Above – a sketch by Redfearn of the back of Petty Cury south side.
It’s not just the post-war generations that spoke out against the demolition of old buildings. From the Cambridge Independent of 06 April 1894 digitised in the British Newspaper Archive
“In our last issue, it will be remembered, we mentioned the fact that the old houses in Petty Cury, which have for long composed one of the sights of the town, were being destroyed. Standing there and viewing the old place, the thought struck the representative of the Cambridge Independent Press that that now almost unique specimen of the old timber buildings of centuries back—with its curious balconies, supported by projecting floor beams which form the basis of the first storey, which are approached by a common staircase, and from which the various occupants of the building gain entrance to their apartments through quaint carved doors—could not be without a history, and the result of interviewing “authorities” and looking up “annals” on the subject more than justified his belief, and he found that the place had history which would fill volume.
Above – Petty Cury South Side – from the Cambridgeshire Collection. Taken around 1870, republished in the early 1930s. You can make out the entrance to the Lion Hotel at the end of the street on the left. The black sign above the door is a lion sat down.
“However, we have not a volume to fill, and a few facts must suffice. Mr. W. D. Redfern, in his Old Cambridge,” actuated by the lament to which he gives expression on the first page of his book, that these interesting old legacies from our grandsires are passing away never to return,” gives his readers a fine view of the old yard of the Fawkon, or Fawcon Inn. part of which is now being destroyed. [i.e. The Falcon]
“It seems that the old inn dates from the 15th century, for as early 1504 we find in the will of Richard Kinge, of Wysbyche, the bequest of his house in Petycury, called the Fawcon, Cambridge, to the Prior and Convent of Barnwell, with the stipulation that “a yerely obyte be kept at Barnwell for my woule and for my frendys soullys”
“It also seems to have caused some trouble to the Mayor and Burgesses of the town, for in 1516, and again in 1528, there is mention of disputes between those worthies and the Prior and Convent of Barnwell respecting the property. Thus we can fancy in those early days of prosperity the noble guests of the inn gathered on the picturesque balconies to listen to some wandering troubadour, or minstrel the only “newspaper,” they had at that time), whilst he sang of battles and the deeds of prowess performed in the Wars of the Roses; or again at a later date, as Mr. Redfern puts it, to witness one of those queer ancient plays we read of in the time of Queen Mary.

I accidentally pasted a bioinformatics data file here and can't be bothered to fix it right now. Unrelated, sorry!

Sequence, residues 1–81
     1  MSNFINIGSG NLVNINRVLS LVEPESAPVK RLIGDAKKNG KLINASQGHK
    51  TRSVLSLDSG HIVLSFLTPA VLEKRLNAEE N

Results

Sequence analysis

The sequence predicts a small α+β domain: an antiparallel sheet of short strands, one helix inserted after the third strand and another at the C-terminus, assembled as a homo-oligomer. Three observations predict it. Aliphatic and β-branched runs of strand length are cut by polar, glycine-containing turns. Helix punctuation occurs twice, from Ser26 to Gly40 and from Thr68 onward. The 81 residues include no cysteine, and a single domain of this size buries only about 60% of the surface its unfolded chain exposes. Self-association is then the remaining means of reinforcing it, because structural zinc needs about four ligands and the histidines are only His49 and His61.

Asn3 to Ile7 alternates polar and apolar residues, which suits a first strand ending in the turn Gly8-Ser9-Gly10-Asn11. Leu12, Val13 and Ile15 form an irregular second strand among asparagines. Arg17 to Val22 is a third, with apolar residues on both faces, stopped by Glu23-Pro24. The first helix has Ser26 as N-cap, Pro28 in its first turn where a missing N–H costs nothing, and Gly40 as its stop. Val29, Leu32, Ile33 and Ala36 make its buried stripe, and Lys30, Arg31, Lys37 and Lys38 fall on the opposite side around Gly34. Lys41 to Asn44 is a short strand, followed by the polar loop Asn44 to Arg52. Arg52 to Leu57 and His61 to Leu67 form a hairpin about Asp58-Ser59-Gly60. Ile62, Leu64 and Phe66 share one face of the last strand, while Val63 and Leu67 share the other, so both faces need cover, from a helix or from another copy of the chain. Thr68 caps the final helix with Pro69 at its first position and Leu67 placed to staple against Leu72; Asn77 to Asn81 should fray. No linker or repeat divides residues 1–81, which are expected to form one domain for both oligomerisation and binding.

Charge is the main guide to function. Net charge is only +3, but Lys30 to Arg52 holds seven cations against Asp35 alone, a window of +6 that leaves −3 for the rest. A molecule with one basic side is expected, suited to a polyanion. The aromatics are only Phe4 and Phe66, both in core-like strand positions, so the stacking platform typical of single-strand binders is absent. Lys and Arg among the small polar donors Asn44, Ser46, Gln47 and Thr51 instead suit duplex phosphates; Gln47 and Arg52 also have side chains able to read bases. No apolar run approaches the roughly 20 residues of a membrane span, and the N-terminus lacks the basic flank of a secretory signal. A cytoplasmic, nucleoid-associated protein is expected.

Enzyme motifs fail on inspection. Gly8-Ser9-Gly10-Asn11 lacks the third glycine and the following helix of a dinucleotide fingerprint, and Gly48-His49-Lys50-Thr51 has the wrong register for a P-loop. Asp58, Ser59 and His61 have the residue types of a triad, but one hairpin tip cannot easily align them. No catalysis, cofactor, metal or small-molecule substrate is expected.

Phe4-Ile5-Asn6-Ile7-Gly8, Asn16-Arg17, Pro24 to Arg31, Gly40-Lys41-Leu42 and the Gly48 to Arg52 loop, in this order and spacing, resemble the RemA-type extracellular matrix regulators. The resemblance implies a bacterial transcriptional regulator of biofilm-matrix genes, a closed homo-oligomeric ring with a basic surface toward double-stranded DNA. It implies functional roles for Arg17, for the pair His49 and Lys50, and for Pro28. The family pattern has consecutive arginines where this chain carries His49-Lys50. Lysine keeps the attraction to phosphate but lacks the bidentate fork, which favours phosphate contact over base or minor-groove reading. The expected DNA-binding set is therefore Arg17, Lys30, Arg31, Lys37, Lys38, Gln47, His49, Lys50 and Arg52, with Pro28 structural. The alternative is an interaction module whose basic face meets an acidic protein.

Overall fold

The old Falcon Yard, via Mike Petty MBE
“It seems that the Falcon Inn was a tremendous place, and comprised what some few years back were known the Red Lion, the Red Hart, which has been pulled down, and the Falcon, part of which still remains; and was a very noted and fashionable place. In fact, it is said that Queen Elizabeth was entertained there in royal style, and weight is given to this by the splendour of the carving and other parts of the structure which exist to this day.
“Of course with the advent of the modern commercial spirit and enterprise great modifications were wrought in the venerable old structure, and it seems of late years the building it was was too large for one individual to carry on, and therefore it became split up into the three inns we have named. It will be remembered that what is now Alexandra-street used to be the Red Hart yard, and the house of that name stood on each side of it. The old house was pulled down, the yard was turned into Alexandra-street, and the Red Hart gave place to the handsome buildings which now front the Cury, known as Alexandra Buildings, which, when first erected, were utilized by Mr. Ballard as a drapery emporium.
“Thus the old order changeth, and the Falcon has fallen away bit by bit before the hand of the moderniser. The yard now all that is left of the original, and even here the hand the man of business has from time to time made itself felt. The building which Messrs. Foisterand and Jagg have so lately vacated was used many years ago as woollen warehouse by Mr. Basham, and from that has passed through various phases until, in preparation for the printers, the balcony was enclosed, old staircases done away with, and the large windows, which caused such a noticeable contrast to the rest of the pile, were put in.
“The interest awakened by those eight windows was quite justified, for inquiry elicited that they had for years served to throw light upon worshippers at divine service, in a chapel at Barnwell, which some years ago was pulled down. The amount of valuable carving which has at different times been removed from the old place is surprising, and it is said that some years ago Dr. Robinson, of St. Catharine’s College, entered into negotiations to secure some of it for the decoration of their Hall, and Mr. Reynolds Rowe, the architect, pronounced some of it being of the most exquisite workmanship.
“The other side of the yard is at present inhabited by a number of poor persons, and to see some of them peering over the balcony as the work of destruction goes on opposite, with unwashed faces and wretched appearance, to realise the fact that the noble building has indeed reached the last stage previous to being pulled down. The property is now in the hands of Mr. Pryor, of the Cury, and we understand that it is his intention to erect business premises on the spot, which in point of magnificence and structure shall be no disgrace to the old associations incident to the place.”
Above – the Wrestlers Inn, by Redfearn